In recent weeks, teachers at dozens of schools have made efforts to reach out to parents about issues ranging from the longer school day and school funding to class sizes to teacher pay.

The latest efforts represent a new target for outreach, as the Chicago Teachers Union has long collaborated with the city’s grassroots parent groups. Julie Woestehoff, the director of Parents United for Responsible Education, noted that her group was founded by parents who wanted to support the last teachers’ strike, in 1987, and believed that “politicians and bureaucrats weren’t doing their job.” Woestehoff spoke at a panel held for DePaul University teacher candidates on Wednesday.

Organizing parents is part of an effort to strengthen the union’s position as it faces an ongoing battle with CPS administration over how the district is implementing the longer school day, as well as contentious negotiations over teachers’ next contract. The current contract expires on June 30 and teachers could move to a strike authorization vote as soon as this spring.

The union and the district are currently in fact-finding, one of the final steps of a lengthy, legally required pre-strike process.

But good relationships with a community organization don’t necessarily “trickle down to the school,” says CTU organizer Matthew Luskin.

As the CTU seeks to expand its school-level outreach to parents, controversy over the longer day has bred an increasing number of parent organizations. Both 19th Ward Parents and Parents For Teachers (formed specifically to advocate for teacher issues) are part of the Coalition to Organize Democracy in Education, which is pushing for an elected school board. So too are the CTU and the older Kenwood-Oakland Community Organization, a longtime ally of the union.

Raise Your Hand, which took root several years ago in response to a school funding crisis, does not back CTU. But “we want to make sure that outside of whatever’s happening with these political entities, parents and teachers don’t end up having a soured relationship,” co-founder Wendy Katten says. “We want to encourage people to keep the dialogue open.”

To that end, Katten appeared on a panel at a March event for active union members. Representatives from the group are participating in three education forums organized by other groups around the city this month, two of which focus on teacher-parent collaboration. The second, on Saturday, May 5, is sponsored by Teachers for Social Justice.

Raise Your Hand is also in the early planning stages for a forum of its own on parent-teacher dialogue, which will likely be held several weeks down the line.

Luskin says the union is trying to show that its contract organizing efforts are “part of a real debate around the direction of the school system and school funding.”

“There’s a real challenge around funding, resources and attention to [neighborhood] schools,” he adds.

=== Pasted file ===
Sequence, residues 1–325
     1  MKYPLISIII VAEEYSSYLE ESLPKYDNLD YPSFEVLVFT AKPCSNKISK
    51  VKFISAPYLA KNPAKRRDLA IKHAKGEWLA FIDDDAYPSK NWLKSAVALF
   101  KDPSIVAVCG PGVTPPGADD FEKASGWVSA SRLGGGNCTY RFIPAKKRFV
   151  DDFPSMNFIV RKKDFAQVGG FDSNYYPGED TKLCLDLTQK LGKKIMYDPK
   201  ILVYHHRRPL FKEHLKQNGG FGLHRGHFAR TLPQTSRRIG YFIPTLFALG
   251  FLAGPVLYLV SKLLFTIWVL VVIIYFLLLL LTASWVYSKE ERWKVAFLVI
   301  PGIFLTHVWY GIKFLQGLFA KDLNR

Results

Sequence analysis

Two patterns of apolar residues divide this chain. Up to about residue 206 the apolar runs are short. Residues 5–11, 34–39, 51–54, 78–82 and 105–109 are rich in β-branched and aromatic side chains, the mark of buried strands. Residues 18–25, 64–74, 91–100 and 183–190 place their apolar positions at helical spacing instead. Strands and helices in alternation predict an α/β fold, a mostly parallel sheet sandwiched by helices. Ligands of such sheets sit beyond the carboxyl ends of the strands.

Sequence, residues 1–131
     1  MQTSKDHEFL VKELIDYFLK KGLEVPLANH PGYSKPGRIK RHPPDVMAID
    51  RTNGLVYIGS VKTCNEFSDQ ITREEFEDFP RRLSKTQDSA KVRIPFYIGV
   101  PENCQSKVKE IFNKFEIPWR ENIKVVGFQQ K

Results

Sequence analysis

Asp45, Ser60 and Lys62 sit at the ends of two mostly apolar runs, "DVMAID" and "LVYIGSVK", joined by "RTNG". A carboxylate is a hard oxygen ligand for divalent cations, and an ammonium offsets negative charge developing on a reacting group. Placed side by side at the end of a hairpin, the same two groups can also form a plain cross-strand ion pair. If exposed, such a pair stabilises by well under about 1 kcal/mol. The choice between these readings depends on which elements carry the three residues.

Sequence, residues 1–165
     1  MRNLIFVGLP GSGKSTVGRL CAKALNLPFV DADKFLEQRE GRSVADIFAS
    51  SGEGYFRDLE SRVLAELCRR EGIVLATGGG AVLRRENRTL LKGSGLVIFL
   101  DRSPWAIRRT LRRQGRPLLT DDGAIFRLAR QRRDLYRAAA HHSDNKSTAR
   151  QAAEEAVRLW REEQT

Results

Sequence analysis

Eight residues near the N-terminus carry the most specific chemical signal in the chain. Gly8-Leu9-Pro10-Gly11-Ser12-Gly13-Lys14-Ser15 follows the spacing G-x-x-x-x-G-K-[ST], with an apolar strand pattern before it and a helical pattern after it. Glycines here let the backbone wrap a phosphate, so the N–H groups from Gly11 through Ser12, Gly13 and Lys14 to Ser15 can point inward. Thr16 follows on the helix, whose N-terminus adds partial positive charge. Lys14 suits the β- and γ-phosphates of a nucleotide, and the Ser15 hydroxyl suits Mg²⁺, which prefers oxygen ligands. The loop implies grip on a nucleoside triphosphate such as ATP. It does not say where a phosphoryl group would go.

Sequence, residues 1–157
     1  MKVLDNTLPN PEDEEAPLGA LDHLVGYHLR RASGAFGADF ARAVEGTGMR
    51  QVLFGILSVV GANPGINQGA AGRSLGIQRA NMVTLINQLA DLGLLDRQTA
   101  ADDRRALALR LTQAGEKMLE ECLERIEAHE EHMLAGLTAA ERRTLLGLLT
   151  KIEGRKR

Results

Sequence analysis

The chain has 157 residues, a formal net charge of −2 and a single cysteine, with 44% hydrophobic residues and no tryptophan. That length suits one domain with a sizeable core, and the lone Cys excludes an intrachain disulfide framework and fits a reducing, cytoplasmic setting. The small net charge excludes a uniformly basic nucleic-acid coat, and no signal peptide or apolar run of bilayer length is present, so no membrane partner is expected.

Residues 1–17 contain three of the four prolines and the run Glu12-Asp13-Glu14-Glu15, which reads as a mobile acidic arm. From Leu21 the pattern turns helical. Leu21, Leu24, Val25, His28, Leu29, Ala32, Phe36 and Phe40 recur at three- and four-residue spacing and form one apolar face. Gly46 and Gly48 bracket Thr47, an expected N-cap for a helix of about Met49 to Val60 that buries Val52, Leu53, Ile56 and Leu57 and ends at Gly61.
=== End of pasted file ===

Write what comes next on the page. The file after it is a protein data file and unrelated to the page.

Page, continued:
This winter’s uproar over school closings and turnarounds, opposed by many parents and teachers, laid the groundwork for the current outreach by giving teachers experience collaborating with parents, Luskin says.

“I think it helped build a lot of confidence among our members that people aren’t against us,” Luskin says. “Parents trust their child’s teacher… more than an appointed member of the Board of Education.”

Contract organizing committees, which Luskin says have now taken root in hundreds of schools, have been tasked with outreach. The efforts have ranged from teachers showing up to local school council meetings – CTU gave teachers a sample letter to send to LSCs about the importance of a “better school day” – to a parent night at Nettelhorst Elementary featuring a talk by union President Karen Lewis.

Teachers have also presented their views at principal-organized parent meetings about the longer school day. That’s what kicked off organizing efforts at Prieto Elementary. In late February, bilingual program coordinator Andrea Montgomery – a union delegate – offered to share the CTU perspective in one such meeting.

“When I told the parents about merit pay and the 2 percent raise and the other issues [with the longer day], they were outraged,” Montgomery says. There were about 75 parents at that meeting. It was a Monday.

The group started brainstorming ideas for action and settled on the idea of getting a bus to take parents to the school board meeting two days later. A total of 21 parents showed up.

Parents attended the March board meeting as well. “If we are going to have a longer school day, we need the funds to hire more teachers and prepare our teachers,” Prieto parent and bus aide Raiza Rodriguez told the board. The group organized a multi-school town hall meeting about the longer day in late April.

Now, members of Parents For Teachers come to meet with Prieto parents every Monday morning to strategize.

Montgomery credits a positive school climate with building parent support for teachers. “The bottom line is parents believe in their hearts this is their school,” she says.

And, she argues parents will be supportive if a strike vote is called.

“They said, ‘If you walk, we walk,’” Montgomery says. “They have been 110 percent behind us.”

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